In the pre-computer age, say 50 years ago and back, how did astronomers calculate accurate positions of the Sun, Moon, and planets for predicting an eclipse or a transit of Venus?

Venus Ring of Light
This "ring of light" effect is one of the many phenomena observed as the planet crosses the outer limb of the Sun's disk. Unlike the black drop, few observers question the validity of this effect.
Courtesy Lorenzo Comolli

They did it by hand, with the help of numerical tables. These weren’t the trigonometric and logarithmic tables you may remember from school. They were cleverly designed sets of tables, arranged so that all you had to do was look up a bunch of intermediate quantities and combine them to get the answer.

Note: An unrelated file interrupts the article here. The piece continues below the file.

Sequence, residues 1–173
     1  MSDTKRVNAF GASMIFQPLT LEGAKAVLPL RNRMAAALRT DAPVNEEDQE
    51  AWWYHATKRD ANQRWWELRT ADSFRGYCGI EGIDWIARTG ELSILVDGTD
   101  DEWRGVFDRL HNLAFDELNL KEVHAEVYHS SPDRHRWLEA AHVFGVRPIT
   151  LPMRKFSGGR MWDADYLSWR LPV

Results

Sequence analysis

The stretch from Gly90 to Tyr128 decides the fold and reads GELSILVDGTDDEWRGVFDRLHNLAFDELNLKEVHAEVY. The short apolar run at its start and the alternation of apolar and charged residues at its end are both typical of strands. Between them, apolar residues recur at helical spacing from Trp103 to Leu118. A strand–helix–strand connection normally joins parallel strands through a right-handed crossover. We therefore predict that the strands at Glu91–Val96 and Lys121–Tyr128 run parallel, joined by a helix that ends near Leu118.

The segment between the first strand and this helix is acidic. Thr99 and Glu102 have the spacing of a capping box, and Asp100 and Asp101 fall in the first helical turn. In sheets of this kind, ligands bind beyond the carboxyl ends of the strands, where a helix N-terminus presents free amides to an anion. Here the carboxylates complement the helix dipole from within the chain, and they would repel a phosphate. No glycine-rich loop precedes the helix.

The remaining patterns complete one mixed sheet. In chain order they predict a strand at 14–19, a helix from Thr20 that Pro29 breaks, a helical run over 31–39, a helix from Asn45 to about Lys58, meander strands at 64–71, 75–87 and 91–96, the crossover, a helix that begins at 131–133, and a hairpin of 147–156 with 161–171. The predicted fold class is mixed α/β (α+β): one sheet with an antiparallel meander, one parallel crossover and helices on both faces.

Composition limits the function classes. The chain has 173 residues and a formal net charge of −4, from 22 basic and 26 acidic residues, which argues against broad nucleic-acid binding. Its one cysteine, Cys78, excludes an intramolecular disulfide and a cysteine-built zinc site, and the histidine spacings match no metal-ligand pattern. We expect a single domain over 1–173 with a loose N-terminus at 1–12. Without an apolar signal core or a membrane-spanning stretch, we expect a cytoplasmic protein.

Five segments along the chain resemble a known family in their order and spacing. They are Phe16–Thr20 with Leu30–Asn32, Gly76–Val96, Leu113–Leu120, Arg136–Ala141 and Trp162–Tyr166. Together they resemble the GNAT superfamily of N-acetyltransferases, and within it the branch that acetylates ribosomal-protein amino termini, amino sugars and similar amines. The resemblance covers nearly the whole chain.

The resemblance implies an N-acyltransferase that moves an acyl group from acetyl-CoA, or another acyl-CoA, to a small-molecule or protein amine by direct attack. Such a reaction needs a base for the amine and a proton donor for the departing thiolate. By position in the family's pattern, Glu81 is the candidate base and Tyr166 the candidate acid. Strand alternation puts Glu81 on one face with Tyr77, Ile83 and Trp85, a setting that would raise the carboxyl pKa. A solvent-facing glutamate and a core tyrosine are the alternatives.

For example, Simon Newcomb’s Tables of Venus, published by the US Naval Observatory in 1895, required 27 separate lookups and yielded a single, highly accurate position after about 20 minutes of pencil-and-paper arithmetic. Similar works existed for each of the other planets and the Sun. The Moon posed by far the greatest difficulty. Yale University astronomer Ernest W. Brown (1866 –1938) devoted a large portion of his professional career to what was called the “lunar theory.” With the aid of his three-volume Tables of the Motion of the Moon (1919), an experienced astronomer could obtain a single accurate position of the Moon in about six hours!

You can find these works in any major observatory library. With slight modifications, they remained the gospel on planetary positions right up through the 1950s.

— Roger W. Sinnott


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